• After all sharpening is done, lubricate the blades by putting one small drop of oil between each upper and lower cutting edge and one small drop in the valley between the teeth. I recommend you obtain a quart of non-detergent motor oil, 30 weight is fine, and an old pump oil can. Do not use a spray can lubricant. If you have questions as to why I recommend this oil, give me a call.

Mr Bart, thank you for your business. If you do pick up you oil and oil can, take it with you when you go to trim your hedges. Just a wee bit of oil every once in a while will make your work go faster and make your trimmer last longer. If you are in the Semmes Alabama area, you can pick up the file at Ace Hardware at 7380 Moffett Road. They have everything you need, are great people and I want to thank them for the many referrals they send every year. Their phone number is 251-645-1001.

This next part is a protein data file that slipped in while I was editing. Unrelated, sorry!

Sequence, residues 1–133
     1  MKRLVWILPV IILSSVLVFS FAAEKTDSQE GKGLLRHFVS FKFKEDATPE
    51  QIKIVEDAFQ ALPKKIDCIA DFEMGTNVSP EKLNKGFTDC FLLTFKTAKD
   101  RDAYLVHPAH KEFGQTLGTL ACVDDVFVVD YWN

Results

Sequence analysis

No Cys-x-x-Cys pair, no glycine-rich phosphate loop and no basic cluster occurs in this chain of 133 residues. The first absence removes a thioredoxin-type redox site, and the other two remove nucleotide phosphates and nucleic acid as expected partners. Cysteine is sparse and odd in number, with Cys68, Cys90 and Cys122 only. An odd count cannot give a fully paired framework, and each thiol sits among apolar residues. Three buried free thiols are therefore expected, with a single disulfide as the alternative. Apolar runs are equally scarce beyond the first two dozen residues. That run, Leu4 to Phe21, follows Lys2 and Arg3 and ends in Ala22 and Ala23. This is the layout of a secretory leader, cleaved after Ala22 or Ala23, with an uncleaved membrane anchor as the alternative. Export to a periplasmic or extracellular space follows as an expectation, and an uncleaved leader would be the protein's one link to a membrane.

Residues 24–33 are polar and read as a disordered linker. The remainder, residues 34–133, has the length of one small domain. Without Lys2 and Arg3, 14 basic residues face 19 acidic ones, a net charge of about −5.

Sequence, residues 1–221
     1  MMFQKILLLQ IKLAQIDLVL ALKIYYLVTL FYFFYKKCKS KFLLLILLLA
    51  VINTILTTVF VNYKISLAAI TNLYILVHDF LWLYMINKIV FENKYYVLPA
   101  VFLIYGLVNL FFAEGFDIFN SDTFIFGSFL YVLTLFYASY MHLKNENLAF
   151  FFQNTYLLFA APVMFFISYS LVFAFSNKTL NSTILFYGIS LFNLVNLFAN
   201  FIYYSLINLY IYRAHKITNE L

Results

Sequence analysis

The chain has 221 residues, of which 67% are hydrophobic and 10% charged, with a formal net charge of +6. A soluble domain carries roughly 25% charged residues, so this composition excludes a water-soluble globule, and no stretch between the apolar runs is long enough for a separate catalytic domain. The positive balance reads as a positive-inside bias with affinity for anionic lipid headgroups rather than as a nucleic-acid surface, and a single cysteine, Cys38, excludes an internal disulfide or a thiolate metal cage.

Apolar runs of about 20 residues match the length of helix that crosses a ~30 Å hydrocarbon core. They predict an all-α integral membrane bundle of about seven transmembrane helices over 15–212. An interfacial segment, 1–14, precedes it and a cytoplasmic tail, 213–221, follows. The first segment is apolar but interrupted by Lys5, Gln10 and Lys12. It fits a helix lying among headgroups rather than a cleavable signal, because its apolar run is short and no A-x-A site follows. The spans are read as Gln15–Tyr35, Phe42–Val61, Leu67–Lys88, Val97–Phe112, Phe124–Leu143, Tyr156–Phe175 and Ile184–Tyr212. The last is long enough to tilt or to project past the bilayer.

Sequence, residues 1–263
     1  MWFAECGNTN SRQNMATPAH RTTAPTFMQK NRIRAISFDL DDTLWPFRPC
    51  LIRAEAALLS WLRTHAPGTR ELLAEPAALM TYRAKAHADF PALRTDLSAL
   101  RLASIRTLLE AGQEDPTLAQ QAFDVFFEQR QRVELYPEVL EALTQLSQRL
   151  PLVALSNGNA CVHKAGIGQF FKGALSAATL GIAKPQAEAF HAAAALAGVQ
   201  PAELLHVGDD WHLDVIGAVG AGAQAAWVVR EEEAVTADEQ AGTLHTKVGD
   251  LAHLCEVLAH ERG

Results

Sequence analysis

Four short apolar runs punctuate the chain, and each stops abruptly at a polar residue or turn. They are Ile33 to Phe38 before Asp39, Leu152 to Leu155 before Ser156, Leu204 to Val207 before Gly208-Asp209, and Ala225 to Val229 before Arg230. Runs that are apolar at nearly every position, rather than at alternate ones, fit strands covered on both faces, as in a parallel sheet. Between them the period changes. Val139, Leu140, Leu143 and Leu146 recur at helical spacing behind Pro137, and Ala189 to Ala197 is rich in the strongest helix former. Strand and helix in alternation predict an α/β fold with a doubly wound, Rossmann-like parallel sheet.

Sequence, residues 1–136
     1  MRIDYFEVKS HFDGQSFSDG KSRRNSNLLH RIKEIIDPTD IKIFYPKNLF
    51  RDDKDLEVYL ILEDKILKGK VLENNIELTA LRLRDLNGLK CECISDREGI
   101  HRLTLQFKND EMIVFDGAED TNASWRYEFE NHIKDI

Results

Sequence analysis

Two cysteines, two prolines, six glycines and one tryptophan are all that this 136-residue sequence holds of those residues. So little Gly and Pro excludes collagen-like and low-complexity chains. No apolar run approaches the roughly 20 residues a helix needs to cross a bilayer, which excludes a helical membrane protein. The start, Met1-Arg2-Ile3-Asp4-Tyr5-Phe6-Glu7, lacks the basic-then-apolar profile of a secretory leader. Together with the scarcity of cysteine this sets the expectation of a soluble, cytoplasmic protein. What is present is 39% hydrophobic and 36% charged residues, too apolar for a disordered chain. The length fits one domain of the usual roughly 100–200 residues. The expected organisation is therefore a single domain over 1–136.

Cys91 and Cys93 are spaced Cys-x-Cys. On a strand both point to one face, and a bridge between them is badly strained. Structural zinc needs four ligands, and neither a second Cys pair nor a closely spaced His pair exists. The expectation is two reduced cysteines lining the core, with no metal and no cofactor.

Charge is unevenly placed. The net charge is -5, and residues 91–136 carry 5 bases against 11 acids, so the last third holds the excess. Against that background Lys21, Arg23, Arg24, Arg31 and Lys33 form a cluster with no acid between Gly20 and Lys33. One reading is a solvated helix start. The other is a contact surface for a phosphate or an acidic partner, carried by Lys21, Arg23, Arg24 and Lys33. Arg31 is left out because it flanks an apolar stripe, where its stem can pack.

If you are happy with my work, please leave reviews at:

If you are unhappy with my work, bring the clippers back and I wll correct any thing that makes you unhappy. If you need an owner’s manual, you can download it here: Homelite UT44160 Owners’ Manual Download

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Published: June 18, 2015

Mobile AL Lawn Mower Blade Sharpening

Mobile AL Lawn Mower Blade Sharpening Service
Mobile AL Lawn Mower Blade Sharpening Service

Mobile AL Lawn Mower Blade Sharpening Service

Some of the best advice I can give you concerning sharpening lawn mower blades is to always have a spare set on hand. This way you will be able to continue with your lawn cutting if your blades become unusable.